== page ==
URLs: Peter M. Vitousek, Nicole Ardoin

Release Date: 5 February 2009

Listen to the Full Show:

Story 1: Where Men Dance Wildly

We hear from three Stegner Fellows in Poetry who have lived and taught abroad. They share poems written from afar, and wrestle with how to see a foreign world without making oneself its center.

Story 2: Who’s a Tourist?

Peter Vitousek talks about bringing Stanford Students to Hawaii, and makes a compelling argument that tourism, the cheesy stuff, isn’t so bad.
image via flickr

Story 3: What’s Normal Becomes Strange

Samantha Wei guides us into the chaos of malaysia’s Pasar Pagi, and then returns to California with new eyes.
image via flickr

Story 4: Priceless People

Nicole Ardoin shares stories from her research on sense of place, and from her work as an educator on the Galapagos and the Grand Canyon.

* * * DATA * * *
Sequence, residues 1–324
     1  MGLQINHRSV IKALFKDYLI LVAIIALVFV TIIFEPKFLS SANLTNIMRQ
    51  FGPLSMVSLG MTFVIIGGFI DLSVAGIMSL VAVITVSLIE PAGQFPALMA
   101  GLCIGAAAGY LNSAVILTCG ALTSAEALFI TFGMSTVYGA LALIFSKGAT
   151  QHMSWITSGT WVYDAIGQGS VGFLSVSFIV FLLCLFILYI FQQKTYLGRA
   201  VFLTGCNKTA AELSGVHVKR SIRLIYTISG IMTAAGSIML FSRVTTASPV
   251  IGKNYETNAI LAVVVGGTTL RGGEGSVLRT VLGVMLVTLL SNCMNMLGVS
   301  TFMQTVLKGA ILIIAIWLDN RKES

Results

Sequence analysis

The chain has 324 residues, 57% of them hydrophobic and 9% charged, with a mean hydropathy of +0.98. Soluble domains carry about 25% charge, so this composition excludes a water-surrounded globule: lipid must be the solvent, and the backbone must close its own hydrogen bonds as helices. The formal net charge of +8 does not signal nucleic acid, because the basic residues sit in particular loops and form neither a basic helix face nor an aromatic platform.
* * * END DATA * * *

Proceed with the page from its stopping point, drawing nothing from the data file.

image via flickr

Serious Fun

We all do the things we do for fun a little bit seriously. Basketball, belly dancing, or playing in a band — these all take practice and hard work to be really fun. But some people take fun more seriously than the rest of us. Some of them are just more competitive. Some of them want to expand the arena of fine art. And some of them want to re-enchant the world. This episode has stories about a historical re-enactment society that has helped professors make new discoveries about medieval warfare, video games that are becoming professional sports, and the tragic tale of a fan club so obsessed with a character from a book that they got rid of the author. And finally, Ken Kesey reads the children’s story that he took seriously enough to say, “This was my best piece of work ever.”